By Michele Conklin, Author/Writer Grow Magazine
Dr. Jerath was interviewed regarding this topic and this article was originally published in the Spring 2010 issue of Grow, a health publication from Parker Adventist Hospital.
Approximately one in 10 pregnant women take some sort of herbal product, potentially risking the health of their pregnancies and babies, according to a study recently published in the American Journal of Obstetrics and Gynecology.
“Women tend to think that herbal products are safe because they are natural, but there are many that can cause miscarriage, premature birth or fetal defects,” says Vandna Jerath, M.D., an obstetrician with Parker Adventist Hospital.
Herbs have limited regulation and inconsistent standards of purity and quality. Women should be cautious in using herbs while pregnant and up to three months prior to becoming pregnant, Jerath says.
Typically, herbs that can be eaten in their original plant form or as a vegetable–rather than as concentrated pills, extracts or tonics–are likely safe. Herbs used in small amounts for cooking or seasoning are generally safe.
Very few herbs taken as supplements are considered safe during pregnancy, Jerath says. Some that are likely considered safe—in specific forms–are:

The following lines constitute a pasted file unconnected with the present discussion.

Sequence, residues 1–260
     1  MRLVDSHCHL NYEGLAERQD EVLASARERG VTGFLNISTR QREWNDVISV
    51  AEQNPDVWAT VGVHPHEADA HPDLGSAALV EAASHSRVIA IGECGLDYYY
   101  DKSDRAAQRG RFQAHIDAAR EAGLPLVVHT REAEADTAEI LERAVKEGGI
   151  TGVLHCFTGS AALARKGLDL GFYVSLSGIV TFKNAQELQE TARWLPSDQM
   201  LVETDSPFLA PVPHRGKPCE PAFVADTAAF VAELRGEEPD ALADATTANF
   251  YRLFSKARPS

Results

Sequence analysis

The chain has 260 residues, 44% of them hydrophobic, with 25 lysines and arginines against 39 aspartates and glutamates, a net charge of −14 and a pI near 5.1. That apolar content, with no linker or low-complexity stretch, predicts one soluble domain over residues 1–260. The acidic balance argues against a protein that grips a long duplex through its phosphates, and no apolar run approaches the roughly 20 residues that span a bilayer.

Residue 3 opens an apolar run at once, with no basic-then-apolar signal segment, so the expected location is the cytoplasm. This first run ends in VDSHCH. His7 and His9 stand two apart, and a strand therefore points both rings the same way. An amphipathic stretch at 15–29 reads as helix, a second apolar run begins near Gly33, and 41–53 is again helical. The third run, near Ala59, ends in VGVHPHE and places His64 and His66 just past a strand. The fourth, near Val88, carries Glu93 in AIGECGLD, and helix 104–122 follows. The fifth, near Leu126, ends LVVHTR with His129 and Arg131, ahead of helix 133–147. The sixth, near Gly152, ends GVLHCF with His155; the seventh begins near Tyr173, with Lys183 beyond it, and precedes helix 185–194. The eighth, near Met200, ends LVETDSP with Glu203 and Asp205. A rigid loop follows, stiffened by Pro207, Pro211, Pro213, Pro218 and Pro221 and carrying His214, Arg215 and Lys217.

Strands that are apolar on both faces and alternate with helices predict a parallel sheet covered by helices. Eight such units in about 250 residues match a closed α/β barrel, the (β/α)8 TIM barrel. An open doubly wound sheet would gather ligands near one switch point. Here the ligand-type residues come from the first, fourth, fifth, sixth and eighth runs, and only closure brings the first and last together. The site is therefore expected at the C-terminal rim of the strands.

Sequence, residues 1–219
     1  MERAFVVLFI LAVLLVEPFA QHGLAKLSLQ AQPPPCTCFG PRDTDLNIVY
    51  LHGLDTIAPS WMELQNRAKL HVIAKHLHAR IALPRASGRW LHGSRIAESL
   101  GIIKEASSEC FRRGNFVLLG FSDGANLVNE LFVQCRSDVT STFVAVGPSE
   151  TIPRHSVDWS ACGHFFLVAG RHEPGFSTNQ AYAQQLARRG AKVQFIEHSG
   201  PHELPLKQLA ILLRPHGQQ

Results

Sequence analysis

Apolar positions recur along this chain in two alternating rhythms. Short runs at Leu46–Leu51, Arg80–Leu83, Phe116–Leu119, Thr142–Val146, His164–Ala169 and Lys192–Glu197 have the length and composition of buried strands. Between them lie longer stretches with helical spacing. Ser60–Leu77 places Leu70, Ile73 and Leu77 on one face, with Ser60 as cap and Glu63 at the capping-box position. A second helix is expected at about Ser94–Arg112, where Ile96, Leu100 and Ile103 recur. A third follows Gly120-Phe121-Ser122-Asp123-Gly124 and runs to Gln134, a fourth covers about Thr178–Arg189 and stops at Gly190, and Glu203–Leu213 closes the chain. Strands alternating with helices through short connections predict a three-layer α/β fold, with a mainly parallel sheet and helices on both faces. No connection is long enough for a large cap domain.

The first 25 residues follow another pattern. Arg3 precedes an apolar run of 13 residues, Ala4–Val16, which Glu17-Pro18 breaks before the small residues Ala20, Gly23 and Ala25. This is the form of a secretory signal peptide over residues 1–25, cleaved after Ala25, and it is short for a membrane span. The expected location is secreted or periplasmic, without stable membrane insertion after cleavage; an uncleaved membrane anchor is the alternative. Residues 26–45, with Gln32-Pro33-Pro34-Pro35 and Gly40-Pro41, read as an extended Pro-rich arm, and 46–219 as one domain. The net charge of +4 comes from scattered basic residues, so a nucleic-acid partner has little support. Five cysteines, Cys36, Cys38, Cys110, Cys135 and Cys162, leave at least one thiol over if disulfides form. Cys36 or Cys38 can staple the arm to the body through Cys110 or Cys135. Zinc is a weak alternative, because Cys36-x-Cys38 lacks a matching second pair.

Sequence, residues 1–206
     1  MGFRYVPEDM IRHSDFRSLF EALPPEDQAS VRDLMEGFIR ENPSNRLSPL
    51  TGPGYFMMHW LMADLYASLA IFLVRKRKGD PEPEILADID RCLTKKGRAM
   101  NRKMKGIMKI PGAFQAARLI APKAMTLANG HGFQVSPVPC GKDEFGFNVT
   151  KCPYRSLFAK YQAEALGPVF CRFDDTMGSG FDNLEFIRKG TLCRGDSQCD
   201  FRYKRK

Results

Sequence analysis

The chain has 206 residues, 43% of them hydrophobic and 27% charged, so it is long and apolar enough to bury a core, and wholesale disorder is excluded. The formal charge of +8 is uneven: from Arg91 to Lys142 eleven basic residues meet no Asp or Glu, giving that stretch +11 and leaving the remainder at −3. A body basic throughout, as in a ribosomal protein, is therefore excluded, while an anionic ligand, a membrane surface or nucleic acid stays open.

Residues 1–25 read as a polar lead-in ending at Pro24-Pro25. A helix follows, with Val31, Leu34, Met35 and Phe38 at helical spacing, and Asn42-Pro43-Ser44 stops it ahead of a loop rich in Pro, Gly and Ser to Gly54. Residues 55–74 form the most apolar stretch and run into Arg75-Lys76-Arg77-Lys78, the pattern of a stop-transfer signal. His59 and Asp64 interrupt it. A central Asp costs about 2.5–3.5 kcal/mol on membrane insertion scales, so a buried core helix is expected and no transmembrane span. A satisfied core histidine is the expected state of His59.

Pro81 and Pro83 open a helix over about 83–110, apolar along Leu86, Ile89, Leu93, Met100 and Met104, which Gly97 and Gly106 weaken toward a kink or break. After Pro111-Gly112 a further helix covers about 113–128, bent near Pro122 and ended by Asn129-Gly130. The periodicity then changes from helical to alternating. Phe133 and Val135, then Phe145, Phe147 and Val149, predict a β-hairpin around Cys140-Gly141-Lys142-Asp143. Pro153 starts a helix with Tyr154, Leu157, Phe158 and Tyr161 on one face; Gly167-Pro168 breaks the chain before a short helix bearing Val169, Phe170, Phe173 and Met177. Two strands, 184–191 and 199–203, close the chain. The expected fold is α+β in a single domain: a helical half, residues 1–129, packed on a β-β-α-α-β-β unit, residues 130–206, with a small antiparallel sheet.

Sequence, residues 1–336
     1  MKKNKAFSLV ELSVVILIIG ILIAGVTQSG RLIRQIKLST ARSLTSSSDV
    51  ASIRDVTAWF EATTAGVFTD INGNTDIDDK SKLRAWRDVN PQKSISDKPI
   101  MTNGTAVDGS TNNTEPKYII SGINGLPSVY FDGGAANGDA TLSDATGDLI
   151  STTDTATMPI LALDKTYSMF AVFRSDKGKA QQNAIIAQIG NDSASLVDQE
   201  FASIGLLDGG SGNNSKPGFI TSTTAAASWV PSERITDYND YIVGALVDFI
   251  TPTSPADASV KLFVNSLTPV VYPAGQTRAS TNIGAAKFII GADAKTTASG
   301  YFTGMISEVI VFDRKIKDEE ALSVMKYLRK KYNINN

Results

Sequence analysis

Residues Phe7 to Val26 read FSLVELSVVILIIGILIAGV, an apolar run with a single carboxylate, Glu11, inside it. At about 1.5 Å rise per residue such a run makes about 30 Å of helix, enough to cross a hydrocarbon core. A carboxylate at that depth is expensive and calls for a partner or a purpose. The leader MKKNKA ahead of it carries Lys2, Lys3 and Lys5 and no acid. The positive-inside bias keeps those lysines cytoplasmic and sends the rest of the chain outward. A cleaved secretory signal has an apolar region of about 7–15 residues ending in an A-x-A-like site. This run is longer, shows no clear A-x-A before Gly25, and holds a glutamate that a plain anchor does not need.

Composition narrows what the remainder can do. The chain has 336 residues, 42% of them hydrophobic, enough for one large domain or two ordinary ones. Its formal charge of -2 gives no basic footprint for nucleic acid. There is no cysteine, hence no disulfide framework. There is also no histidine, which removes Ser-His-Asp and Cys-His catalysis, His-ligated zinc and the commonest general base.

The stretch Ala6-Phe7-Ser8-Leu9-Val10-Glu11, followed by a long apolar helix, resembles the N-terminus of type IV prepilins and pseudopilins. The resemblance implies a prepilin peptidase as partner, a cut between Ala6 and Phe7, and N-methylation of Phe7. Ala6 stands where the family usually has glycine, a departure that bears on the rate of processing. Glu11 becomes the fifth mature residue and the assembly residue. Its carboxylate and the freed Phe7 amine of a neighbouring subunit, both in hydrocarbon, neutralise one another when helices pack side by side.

- Peppermint leaf – Helpful in relieving nausea/morning sickness and flatulence
- Ginger root – Helps relieve nausea and vomiting
- Slippery elm bark – Used to help relieve nausea, heartburn, and vaginal irritations (likely safe when the inner bark is taken orally in amounts used in foods)
- Oats & oat straw – Rich in calcium and magnesium; helps relieve anxiety, restlessness, and irritated skin
- Red raspberry leaf – Rich in iron and considered a safe herbal tea when used in the second and third trimester. Can ease labor pains and increase milk production.
If you’re pregnant, always check with your doctor prior to taking an herb. You also can find information online at the National Institutes of Health’s medlineplus.gov.